Blindfold Taste Test Around the World
Objective: Engage students through their senses to discover new flavors, smells and textures. Introduce exotic fruits and vegetables.
- Chop and prepare a variety of fruits and vegetables (most grocery stores have an international produce section) **kiwi, jicama, mango, plantain, yucca, Japanese cucumber
- Cups or bowls for sampling fruits and vegetables
- 5 pieces of cloth to cover the eyes
Procedure: Divide students into teams of two or three. Give a sample of one fruit/vegetable to a blindfolded member of each group (allow a few seconds for students to feel the fruit or vegetable). Once all teams have explored the vegetable/fruit through their sense of smell and touch, begin the taste-testing. The first member of each team to name the fruit or vegetable earns a point for their team. Repeat the process, rotating taste-testers. Once the blind-fold taste test is complete, gather all students to participate in the side by side comparison. For example, compare the color, texture, and taste of exotic fruits. Discuss the similarities and differences between exotic vegetables and vegetables that grow locally.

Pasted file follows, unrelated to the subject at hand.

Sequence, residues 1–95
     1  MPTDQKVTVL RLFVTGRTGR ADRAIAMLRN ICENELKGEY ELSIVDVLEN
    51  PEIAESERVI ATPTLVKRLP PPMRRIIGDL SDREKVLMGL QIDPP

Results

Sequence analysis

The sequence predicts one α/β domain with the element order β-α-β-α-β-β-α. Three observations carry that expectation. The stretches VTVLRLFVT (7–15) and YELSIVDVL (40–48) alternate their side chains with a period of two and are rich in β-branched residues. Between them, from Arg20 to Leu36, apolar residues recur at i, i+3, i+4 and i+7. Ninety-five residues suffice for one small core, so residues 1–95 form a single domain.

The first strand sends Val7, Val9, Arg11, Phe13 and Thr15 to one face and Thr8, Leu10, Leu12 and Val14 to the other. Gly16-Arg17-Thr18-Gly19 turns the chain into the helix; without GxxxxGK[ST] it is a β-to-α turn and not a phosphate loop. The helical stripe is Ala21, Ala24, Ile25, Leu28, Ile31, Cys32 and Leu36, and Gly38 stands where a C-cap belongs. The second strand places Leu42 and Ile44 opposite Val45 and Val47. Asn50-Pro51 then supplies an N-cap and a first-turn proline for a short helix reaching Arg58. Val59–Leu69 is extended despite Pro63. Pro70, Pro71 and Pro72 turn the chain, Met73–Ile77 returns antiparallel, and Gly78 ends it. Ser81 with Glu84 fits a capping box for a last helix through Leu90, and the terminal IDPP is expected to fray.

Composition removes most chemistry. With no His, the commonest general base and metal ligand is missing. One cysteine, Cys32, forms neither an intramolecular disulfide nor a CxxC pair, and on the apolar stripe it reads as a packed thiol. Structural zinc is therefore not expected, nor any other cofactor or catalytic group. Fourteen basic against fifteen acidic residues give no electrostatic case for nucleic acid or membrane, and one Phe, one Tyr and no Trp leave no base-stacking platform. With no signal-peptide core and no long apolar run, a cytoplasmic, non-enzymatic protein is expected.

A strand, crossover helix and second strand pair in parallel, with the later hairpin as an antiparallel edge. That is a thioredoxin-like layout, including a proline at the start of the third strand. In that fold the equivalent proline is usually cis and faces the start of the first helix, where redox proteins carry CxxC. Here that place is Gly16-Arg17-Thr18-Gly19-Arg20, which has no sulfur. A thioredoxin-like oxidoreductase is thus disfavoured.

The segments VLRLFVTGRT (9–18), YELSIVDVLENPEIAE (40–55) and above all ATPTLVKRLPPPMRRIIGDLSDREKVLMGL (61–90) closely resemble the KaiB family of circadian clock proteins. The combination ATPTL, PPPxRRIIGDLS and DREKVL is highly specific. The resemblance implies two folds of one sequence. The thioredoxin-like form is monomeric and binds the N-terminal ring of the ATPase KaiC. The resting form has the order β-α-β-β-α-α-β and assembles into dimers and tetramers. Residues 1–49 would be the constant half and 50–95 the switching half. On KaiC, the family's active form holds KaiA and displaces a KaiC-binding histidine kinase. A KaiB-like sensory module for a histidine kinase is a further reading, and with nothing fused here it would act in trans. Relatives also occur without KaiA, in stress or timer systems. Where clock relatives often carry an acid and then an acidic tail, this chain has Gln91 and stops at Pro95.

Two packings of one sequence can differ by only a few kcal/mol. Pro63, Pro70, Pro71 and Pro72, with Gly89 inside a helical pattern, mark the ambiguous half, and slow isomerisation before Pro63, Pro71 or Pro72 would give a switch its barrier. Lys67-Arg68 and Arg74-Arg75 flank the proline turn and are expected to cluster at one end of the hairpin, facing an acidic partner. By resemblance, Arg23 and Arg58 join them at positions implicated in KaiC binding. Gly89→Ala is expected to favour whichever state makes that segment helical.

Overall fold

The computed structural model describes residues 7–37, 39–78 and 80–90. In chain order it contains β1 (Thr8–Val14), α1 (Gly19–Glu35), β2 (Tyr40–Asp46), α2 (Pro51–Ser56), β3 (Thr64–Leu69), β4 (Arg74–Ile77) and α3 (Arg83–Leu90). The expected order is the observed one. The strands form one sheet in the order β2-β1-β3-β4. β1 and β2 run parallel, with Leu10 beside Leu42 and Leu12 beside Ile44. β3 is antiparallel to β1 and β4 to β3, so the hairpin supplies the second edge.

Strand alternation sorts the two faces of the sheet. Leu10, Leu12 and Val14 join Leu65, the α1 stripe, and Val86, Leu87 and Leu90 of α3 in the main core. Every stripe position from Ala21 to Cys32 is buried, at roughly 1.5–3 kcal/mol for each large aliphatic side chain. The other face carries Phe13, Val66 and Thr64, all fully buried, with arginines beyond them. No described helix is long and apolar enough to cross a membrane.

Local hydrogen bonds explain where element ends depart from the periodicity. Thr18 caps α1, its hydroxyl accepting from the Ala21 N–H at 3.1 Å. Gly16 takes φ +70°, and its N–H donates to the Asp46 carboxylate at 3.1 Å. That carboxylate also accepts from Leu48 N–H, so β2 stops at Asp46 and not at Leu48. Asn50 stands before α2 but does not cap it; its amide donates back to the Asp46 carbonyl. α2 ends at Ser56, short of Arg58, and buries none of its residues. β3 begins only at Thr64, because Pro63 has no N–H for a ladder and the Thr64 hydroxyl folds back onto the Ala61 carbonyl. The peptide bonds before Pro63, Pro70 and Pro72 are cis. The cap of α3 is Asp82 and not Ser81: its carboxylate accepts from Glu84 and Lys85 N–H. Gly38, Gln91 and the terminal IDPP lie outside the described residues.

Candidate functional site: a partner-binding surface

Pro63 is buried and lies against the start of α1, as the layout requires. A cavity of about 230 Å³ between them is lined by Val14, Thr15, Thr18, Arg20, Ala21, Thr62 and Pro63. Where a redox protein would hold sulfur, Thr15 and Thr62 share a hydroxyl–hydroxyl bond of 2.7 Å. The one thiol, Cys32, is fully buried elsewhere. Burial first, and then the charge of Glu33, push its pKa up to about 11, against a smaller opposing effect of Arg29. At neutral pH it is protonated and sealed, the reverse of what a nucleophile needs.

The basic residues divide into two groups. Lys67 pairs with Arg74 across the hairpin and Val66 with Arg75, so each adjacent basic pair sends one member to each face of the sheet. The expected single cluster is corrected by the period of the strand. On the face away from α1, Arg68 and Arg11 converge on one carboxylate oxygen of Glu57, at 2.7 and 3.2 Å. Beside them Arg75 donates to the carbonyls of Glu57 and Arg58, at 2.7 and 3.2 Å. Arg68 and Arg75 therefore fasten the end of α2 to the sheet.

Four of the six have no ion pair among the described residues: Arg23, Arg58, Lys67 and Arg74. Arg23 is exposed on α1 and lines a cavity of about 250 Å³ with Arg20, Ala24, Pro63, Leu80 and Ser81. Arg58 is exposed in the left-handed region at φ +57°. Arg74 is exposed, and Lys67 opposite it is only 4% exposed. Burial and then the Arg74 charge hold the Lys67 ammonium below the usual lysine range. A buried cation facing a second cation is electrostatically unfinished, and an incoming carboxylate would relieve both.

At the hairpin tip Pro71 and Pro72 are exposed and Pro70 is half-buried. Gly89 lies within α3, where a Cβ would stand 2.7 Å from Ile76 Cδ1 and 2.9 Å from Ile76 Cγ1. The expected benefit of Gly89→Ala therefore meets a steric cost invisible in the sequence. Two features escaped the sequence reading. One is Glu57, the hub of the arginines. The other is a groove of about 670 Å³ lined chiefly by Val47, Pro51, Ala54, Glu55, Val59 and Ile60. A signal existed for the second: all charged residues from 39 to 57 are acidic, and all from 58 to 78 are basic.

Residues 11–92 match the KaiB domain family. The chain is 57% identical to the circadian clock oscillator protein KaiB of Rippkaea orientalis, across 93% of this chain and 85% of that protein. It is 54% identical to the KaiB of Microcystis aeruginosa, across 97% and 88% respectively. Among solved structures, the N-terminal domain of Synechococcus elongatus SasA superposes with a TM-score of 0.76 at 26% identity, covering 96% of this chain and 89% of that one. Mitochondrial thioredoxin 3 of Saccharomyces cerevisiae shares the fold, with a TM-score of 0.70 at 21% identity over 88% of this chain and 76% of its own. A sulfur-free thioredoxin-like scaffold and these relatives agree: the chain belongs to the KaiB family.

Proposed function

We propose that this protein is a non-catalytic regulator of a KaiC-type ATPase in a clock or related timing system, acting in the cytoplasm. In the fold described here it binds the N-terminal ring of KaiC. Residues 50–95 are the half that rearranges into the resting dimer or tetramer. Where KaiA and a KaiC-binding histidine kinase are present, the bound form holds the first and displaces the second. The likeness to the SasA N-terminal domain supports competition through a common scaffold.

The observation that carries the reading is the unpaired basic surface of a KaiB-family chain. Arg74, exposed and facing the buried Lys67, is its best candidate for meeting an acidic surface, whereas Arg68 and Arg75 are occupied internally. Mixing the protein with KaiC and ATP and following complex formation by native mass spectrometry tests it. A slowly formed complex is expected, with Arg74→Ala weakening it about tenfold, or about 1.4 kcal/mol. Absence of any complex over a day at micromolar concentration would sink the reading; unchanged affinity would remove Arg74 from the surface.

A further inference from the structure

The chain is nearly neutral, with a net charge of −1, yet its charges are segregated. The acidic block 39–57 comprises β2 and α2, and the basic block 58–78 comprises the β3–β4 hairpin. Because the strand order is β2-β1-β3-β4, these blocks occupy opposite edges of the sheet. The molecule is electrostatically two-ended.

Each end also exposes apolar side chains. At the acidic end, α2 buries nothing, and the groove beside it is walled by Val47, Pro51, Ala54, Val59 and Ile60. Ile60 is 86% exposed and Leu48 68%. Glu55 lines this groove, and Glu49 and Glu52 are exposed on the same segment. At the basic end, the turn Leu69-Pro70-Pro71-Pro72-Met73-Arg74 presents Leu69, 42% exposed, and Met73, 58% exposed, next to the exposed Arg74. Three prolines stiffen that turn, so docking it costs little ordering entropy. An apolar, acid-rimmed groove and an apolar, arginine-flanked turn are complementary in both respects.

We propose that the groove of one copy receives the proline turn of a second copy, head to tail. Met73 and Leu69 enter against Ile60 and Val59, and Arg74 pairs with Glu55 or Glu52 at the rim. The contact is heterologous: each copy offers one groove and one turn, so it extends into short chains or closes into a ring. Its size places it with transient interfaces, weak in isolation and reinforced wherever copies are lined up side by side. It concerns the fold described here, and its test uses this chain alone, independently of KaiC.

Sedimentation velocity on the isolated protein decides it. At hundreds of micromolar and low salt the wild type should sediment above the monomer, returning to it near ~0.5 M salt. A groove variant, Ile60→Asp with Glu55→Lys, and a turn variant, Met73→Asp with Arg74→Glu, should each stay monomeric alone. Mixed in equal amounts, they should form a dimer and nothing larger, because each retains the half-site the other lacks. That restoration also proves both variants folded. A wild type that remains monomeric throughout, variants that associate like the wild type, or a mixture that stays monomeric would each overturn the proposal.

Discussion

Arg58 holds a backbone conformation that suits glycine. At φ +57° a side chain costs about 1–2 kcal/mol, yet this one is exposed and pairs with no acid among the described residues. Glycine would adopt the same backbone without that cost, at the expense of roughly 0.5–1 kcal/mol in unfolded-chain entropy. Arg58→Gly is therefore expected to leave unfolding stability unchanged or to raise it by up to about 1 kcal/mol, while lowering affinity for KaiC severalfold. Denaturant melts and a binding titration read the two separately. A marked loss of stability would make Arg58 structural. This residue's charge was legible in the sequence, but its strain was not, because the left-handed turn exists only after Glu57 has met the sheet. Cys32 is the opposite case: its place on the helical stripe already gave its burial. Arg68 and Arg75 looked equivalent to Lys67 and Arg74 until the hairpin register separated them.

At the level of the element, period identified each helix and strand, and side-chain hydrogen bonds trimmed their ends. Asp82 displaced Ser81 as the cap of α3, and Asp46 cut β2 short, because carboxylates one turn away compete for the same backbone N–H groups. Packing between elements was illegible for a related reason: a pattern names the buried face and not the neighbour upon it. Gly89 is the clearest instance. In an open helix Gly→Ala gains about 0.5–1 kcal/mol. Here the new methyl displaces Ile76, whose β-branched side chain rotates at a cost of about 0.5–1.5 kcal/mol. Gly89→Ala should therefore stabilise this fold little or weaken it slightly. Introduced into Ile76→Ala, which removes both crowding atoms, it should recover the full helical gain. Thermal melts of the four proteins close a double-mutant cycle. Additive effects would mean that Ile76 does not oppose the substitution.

Making Connections: Reveal the results of the blindfold taste-test. Discuss the most surprising discoveries about each fruit/vegetable. Have students recount the names and write a brief sensory description of their favorite new fruit/vegetable. Explore the region where the chosen exotic fruits and vegetables grow. What is the climate? How do people use the fruit/vegetable? What are other ways the plant is used besides eating?
** Further connections can be made by using a map to track the travel route of the fruit/vegetable to its country of origin. Critical thinking questions may include 1) brainstorming the environmental impact of shipping foods long distances, 2) the cultural impact, 3) health benefits?